When a person with the condition eats gluten, their immune system attacks healthy tissue in the small intestine. Over time this damages the organ, preventing it from absorbing nutrients properly.

Symptoms of celiac disease include:

  • inflammation and pain in the abdomen
  • a burning sensation in the chest
  • tiredness
  • weight loss
  • a rash
  • joint pain
  • vomiting or diarrhea

Celiac disease is different from gluten intolerance or sensitivity. Either of these issues can cause symptoms similar to those of celiac disease, but there is no damage to the digestive system.

Type 1 diabetes

Type 1 diabetes causes the immune system to destroy cells in the pancreas that create insulin, known as beta cells. As a result, the pancreas is less able to make insulin, leading to insulin deficiency.

Not having enough insulin means that sugars cannot transport around the body properly, leading to high blood sugar levels.

About 1 in 300 people in the U.S. have type 1 diabetes by age 18. Symptoms include:

  • frequent urination
  • increased thirst
  • a loss of energy
  • blurred vision
  • hunger
  • nausea

Autoimmune diseases can develop in anyone, but certain factors increase the risk.

The risk factors vary among the many types of autoimmune disease, but some common factors include:

  • Genetics: Some autoimmune conditions run in families. A person may inherit genes that predispose them to a condition but only develop it after exposure to a combination of triggers.
  • Environmental factors: Sunlight, certain chemicals, and viral or bacterial infections can all affect the development of autoimmune conditions.
  • Sex: More females have autoimmune disorders than males. Doctors believe that hormonal factors play a role. The disorders often develop during a female’s childbearing years.
  • Race: This appears to play a role in the diagnosis and severity of certain autoimmune diseases. For example, more white people receive a diagnosis of type 1 diabetes, while lupus is more severe in African American and Hispanic people.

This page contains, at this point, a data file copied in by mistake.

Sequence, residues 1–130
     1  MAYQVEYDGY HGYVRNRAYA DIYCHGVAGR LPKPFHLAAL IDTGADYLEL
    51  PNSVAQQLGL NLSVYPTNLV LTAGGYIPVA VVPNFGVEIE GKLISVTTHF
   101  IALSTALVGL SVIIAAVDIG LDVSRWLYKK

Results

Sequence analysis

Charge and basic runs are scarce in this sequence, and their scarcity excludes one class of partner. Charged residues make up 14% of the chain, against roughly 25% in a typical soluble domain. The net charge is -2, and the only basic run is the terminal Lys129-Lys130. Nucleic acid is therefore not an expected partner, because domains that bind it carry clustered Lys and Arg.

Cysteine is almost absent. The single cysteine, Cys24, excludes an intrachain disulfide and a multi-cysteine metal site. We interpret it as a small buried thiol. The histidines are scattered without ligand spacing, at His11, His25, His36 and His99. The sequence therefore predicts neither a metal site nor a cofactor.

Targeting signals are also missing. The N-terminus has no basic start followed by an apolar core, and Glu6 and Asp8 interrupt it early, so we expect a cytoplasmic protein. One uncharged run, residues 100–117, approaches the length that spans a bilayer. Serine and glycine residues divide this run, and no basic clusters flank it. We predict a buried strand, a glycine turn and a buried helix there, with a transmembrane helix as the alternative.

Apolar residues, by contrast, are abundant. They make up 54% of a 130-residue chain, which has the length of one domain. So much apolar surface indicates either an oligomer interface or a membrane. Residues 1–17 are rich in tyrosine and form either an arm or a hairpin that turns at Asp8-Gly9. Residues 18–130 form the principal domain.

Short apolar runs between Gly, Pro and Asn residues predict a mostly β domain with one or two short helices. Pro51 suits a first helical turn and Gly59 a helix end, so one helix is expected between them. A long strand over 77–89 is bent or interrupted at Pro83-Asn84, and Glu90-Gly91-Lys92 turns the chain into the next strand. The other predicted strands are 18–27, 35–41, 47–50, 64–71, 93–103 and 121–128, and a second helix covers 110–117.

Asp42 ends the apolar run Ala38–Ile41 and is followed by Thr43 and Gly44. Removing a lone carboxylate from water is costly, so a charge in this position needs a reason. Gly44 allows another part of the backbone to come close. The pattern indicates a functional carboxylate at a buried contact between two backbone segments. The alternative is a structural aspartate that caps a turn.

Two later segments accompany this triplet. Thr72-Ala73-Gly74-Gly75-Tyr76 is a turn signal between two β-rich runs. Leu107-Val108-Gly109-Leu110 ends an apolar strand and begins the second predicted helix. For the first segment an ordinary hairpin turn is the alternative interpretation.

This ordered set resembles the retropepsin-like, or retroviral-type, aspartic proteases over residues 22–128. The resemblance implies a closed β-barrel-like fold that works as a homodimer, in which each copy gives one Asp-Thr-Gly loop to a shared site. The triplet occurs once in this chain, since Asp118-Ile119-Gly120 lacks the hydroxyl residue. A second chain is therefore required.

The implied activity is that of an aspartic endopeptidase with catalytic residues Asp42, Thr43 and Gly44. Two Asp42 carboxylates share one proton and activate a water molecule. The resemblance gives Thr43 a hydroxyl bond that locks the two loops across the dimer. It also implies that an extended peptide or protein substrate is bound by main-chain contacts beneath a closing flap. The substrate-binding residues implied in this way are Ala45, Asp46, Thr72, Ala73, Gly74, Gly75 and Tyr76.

• Other autoimmune conditions: A person with one autoimmune disorder has an increased risk of developing another.

Diagnosing autoimmune diseases can be a challenging, lengthy process. For some, it may take years to receive the right diagnosis. This can be due to a variety of reasons:

  • Not all symptoms always appear at the same time.
  • Symptoms can be intermittent or gradually develop over time.
  • Certain symptoms can overlap with the symptoms of other issues, particularly other autoimmune disorders.

For example, lupus can affect the joints similarly to rheumatoid arthritis, but the symptoms tend to be less severe. IBD causes similar symptoms to celiac disease, but IBD is not typically a result of consuming gluten.

The diagnostic process also differs depending on the specific disease. However, it usually involves blood tests.

In some cases, blood tests can indicate various conditions. For instance, diagnosing Hashimoto’s thyroiditis and Graves’ disease requires a simple test to measure levels of thyroid hormone.